Scoring a 7 out of 10 in, well, pretty much anything is quite good, you know? Not super amazing, but definitely better than just okay. What a nice, comfortable spot to be in. Fuck 7s.
We’ll also explore nine exciting new startups to understand where some markets might be going in the next few years, thanks to the current boom in AI technology.
- Slingshot is working on the next wave of video games, where characters and gameplay are driven by generative AI. This concept sounds really cool! I expect that future waves of indie games will use mechanics like these, much like how they currently do with randomly generated maps.
- Smobi is a marketplace designed to simplify the process of purchasing businesses valued at $5 million or less by overseeing the entire transaction directly through their platform. If Opendoor can revolutionize real estate sales and OpenStore can manage Shopify shops, then why not provide a similar service for small and medium-sized businesses?
- Fragment integrates human supervision into automated processes, an approach known as human-in-the-loop. While the current wave of generative AI is getting smarter by the day, it’s getting clear that it isn’t capable of replacing most human jobs. However, what AI excels at is quickly and automatically evaluating large data sets. Fragment enables human agents to step in to handle fallback or review tasks when the AI encounters errors.
- Flint lets teachers leverage AI for personalized learning experiences by creating chatbots to tutor or assess students through one-on-one conversations. With Flint, teachers can establish rules for the AI, specify reading levels, and set grading criteria. The AI then adapts to each student’s level and provides assistance when they encounter difficulties. When UX research shows that Bing Chat's responses are calibrated at a 13th-grade reading level, similar to what a university freshman might encounter, while ChatGPT responds at an impressive 16th-grade reading level, there’s a clear need for a tool that kids can use.
- Casehopper is streamlining the immigration process using AI. It’s clear that the legal industry is ripe for some disruption due to LLMs, even though changing how lawyers operate will undoubtedly be challenging—as it always is. It’s reasonable to expect that certain legal workflows, such as visa processing, will become more efficient with the latest technology.
- Patents can be another similar example. Solve Intelligence uses AI to help attorney write patents.
- Corgea helps businesses fix vulnerable code, reducing engineering costs and time by 80%. Through AI-driven code fix generation, it streamlines the process, allowing engineers to approve fixes efficiently. Security is often not a top priority for startups until they grow bigger. But with AI helping out, that might change.
- And Contour does the same for QA and end-to-end UI tests. The main trend in the coming years might be using big models like this one for specific needs. People who know a lot about certain problems will tweak these models to work better in different industries and situations.
- Sideko uses OpenAPI to make SDKs for your API that really work. This is a great idea because making libraries can be a hassle for developers. If it’s automated, it’s a big win for engineering teams eveywhere.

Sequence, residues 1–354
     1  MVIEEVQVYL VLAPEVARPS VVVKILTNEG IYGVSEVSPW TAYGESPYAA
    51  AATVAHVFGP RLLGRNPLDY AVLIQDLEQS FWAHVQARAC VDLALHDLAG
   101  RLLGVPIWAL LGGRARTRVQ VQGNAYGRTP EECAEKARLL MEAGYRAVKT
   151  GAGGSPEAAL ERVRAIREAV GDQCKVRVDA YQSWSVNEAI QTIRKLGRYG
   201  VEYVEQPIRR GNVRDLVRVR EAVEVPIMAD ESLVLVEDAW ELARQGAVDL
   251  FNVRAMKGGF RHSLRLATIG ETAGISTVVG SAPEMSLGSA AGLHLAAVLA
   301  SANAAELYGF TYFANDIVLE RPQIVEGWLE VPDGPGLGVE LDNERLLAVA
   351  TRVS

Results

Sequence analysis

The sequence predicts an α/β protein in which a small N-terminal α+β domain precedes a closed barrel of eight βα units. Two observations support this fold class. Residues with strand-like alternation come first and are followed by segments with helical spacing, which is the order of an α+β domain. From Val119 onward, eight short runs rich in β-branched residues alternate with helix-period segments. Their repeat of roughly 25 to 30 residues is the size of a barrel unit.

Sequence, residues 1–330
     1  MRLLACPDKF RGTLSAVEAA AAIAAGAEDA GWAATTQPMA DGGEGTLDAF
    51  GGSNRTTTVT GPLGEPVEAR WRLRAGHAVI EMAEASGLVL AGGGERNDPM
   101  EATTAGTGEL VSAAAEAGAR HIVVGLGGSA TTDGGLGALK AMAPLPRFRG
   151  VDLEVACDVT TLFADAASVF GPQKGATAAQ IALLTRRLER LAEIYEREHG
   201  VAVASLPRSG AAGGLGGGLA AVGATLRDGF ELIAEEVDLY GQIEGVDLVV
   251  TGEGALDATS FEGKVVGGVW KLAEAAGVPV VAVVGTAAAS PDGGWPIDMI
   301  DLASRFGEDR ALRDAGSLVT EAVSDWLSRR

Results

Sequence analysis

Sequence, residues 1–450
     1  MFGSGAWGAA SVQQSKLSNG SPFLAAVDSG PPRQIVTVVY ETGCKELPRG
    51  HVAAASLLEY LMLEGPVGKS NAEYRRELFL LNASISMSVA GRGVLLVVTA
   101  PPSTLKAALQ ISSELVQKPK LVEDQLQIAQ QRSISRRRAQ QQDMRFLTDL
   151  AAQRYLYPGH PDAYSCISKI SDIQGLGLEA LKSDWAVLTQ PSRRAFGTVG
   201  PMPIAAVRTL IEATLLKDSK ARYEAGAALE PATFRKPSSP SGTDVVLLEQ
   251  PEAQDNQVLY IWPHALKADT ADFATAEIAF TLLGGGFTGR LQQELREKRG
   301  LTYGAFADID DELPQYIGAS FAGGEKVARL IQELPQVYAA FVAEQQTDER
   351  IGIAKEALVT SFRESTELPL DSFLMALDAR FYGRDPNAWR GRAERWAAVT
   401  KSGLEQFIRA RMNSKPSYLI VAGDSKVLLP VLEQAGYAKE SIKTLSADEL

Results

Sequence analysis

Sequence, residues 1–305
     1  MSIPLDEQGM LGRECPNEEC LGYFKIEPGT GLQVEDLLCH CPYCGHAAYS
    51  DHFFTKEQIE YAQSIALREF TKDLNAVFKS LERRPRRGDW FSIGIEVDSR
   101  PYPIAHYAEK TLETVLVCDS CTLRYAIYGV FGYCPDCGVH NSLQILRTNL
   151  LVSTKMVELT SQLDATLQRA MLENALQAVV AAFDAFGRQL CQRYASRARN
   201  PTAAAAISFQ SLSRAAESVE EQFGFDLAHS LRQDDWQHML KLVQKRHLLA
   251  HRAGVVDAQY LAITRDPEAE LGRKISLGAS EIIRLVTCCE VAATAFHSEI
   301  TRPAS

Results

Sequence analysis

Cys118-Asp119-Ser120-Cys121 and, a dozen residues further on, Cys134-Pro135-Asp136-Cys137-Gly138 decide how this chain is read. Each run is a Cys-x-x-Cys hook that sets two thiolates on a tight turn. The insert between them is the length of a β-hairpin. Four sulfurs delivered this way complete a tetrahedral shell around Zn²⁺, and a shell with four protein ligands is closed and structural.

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Imagine this: Your HR department wants to run a pulse survey to gauge your team’s feedback on a regular basis. Now it’s your turn to contribute. They ask a question like, “How likely are you to recommend your company as a place to work to people you know?” Your experience at work has been generally positive—not great, not terrible—but there have been a few bumps along the way. Though maybe it’s just you…? In the end, you opt for a respectable 7 on the ten-point scale.
On another day, your manager asks you to rate them in a performance review. Despite having reservations about how they handle feedback when under pressure but, after all, who doesn’t get defensive when cornered? Wanting to avoid unnecessary drama, you settle on another solid 7.
It's a few days after the new year. As you try to pick up the habit of journaling with a shiny new app, it gives you a writing prompt that asks you to rate your day and explain your reasons. Deep down, you sense that things have been a bit off for a while now… but perhaps it’s just the winter blues? The cold and darkness could easily be to blame. Besides, you pride yourself on being a positive person with a strong sense of agency. You convince yourself that things haven’t been too bad after all. In the end, your rating lands on a 7 once again—there’s still hope for improvement, right?
Do you see where I’m going with this?
A seven often is as a non-answer, crafted to avoid causing offense to anyone—including yourself. This is perfectly normal. We humans are social creatures. We want to maintain harmony and avoid upsetting others without a reason. Even when there is cause for criticism, we may still go to great lengths to sidestep confrontation if we don’t deem it absolutely necessary. This approach is not a bad day-to-day strategy; it often fosters cohesion in groups.
However, there are times when prioritizing truth-seeking is more important than maintaining cohesion. In each of the three scenarios outlined earlier, it would better if individuals were compelled to choose the confrontational option. The workplace cannot progress if feedback on issues is withheld. A manager cannot address and improve their behavior if they remain unaware of its impact. And if you convince yourself you’re fine when you’re not, you may delay the acknowledgment of the need for change.
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